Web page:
Feathers are ruffled over in neighboring Cape Elizabeth lately. A rooster named “Elvis” is crowing too much for some neighbors. There’s a huge population of green weenies in Maine’s most affluent town, so there are lots of “Vote Yes on Question 1” to outlaw bear-baiting signs. But the Cape’s animal lovers are conflicted. The town is considering an ordinance prohibiting roosters on lots smaller than 40,000 square feet - about one acre. Presumably, Elvis’s owners live on a lot smaller than that, and if the ordinance passes later this fall, Elvis’s goose may be cooked.
King Julian
We had chickens when my kids were little, including a few roosters, and they crowed often - until we ate them, that is. We had neighbors close by, but none complained. Maybe that was because we invited them over for dinner whenever we cooked one. Those roosters were delicious - best chicken I ever ate. My granddaughters over in Sweden, Maine have a rooster they named “King Julian, and they asked their mother why King Julian is always jumping on the hens. “He likes to wrestle,” she told them. Being three and five years old, that explanation has satisfied them so far.
Claire 5 and Lila 3 play on their dirt pile

Maine’s news has been dominated lately by a vocal nurse who says she doesn’t need to be quarantined after returning from a month-long stint working with Ebola patients in West Africa. People are conflicted about her too. They admire that she went to help people with a dangerous disease, but they wonder why she insists medical quarantine guidelines are too restrictive and bad science. People in Maine are also confused by ever-changing federal government reports about what is safe and what isn’t. The Pentagon quarantines soldiers who do not have contact with infected patients for three weeks, but the CDC says Traci Hickox, who did have contact with infected patients, doesn’t have to be. Until last week, the CDC’s web site said: “Droplet spread happens when [Ebola] germs traveling inside droplets that are coughed or sneezed from a sick person enter the eyes, nose, or mouth of another person.” Then that disappeared from the CDC web site.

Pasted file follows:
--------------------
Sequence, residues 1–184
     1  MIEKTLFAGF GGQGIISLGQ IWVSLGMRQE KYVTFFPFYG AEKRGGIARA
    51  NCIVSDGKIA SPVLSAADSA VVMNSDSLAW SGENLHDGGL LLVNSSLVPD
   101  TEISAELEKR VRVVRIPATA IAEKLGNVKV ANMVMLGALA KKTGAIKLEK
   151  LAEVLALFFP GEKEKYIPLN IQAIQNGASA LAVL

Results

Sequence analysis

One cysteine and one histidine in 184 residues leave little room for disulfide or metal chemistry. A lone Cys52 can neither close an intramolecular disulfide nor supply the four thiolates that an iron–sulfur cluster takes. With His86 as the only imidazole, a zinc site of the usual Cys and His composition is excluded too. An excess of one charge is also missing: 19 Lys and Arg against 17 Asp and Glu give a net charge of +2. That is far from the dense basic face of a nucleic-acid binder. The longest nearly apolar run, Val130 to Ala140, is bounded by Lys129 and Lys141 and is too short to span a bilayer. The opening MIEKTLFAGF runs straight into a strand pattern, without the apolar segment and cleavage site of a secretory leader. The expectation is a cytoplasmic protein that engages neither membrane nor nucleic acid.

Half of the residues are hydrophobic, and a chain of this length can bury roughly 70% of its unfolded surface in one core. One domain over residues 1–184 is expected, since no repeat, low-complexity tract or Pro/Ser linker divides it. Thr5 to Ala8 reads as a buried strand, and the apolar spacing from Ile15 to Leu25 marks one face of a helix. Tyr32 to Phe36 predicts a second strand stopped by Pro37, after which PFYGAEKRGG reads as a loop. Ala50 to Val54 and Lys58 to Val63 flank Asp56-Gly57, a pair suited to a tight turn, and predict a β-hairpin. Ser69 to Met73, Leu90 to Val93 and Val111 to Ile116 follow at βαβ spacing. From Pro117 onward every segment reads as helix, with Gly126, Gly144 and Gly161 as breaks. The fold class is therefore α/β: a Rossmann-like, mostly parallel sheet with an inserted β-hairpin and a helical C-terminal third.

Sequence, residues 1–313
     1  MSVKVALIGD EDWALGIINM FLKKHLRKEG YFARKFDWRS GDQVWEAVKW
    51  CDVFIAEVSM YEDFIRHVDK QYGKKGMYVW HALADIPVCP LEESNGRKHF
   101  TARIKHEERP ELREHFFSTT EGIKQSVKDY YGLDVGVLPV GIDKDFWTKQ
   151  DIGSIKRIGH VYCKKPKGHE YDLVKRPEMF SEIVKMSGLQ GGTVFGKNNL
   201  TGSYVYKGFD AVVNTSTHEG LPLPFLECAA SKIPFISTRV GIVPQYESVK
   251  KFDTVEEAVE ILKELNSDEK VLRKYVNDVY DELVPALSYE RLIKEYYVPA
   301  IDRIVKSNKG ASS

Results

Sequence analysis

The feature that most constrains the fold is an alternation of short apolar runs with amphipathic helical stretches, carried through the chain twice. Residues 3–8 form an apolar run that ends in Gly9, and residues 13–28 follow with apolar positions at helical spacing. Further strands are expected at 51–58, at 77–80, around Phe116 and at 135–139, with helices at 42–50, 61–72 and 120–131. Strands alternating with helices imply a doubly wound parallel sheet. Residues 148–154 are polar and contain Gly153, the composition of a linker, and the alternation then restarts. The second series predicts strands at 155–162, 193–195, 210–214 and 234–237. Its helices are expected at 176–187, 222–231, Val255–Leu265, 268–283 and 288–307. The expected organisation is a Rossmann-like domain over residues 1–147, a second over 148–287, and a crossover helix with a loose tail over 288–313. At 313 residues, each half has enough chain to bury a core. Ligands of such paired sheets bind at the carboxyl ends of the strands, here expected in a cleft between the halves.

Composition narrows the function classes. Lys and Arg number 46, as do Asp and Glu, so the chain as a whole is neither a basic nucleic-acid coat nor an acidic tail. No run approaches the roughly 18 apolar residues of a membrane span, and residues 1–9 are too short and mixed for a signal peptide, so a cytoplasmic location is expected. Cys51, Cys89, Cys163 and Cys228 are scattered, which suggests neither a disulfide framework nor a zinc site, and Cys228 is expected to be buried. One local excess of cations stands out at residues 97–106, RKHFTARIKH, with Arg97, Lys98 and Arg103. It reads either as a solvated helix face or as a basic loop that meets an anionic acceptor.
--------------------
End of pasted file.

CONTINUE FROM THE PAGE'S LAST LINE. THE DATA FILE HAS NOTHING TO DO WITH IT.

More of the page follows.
Is Ebola a political issue this election season? Many suspect Obama’s CDC of putting politics before science. Nurse Hickox is a leftist Obama supporter. She also worked for the CDC, but mysteriously scrubbed that from her Linked-in profile when she challenged Governor Christie’s quarantine. Why? Democrats running our government insist that fear shouldn’t influence decisions about Ebola, and smugly claim they’re relying strictly on science. But what about their global warming campaign. For that it’s okay to use fear. Unless we switch to windmills and solar panels, polar bears will all die! Coastal cities will be flooded! The planet will boil! It’s all “settled science,” they insist. But it’s based on flawed computer projections: There’s been no predicted warming for twenty years. Ice caps and glaciers that were supposed to be gone by now are expanding. Mainers would like some global warming after last winter.
Fear is used for pipelines too. Greenie Democrats around here want marijuana pipes legal, but oil and natural gas pipes outlawed, including the local Portland Pipeline. Though it’s been moving oil safely for three generations, they’re apoplectic about reversing its flow. Study after study shows the proposed Keystone Pipeline would be harmless, but Greenie Democrats insist on studying it until they find something fearful to scream about.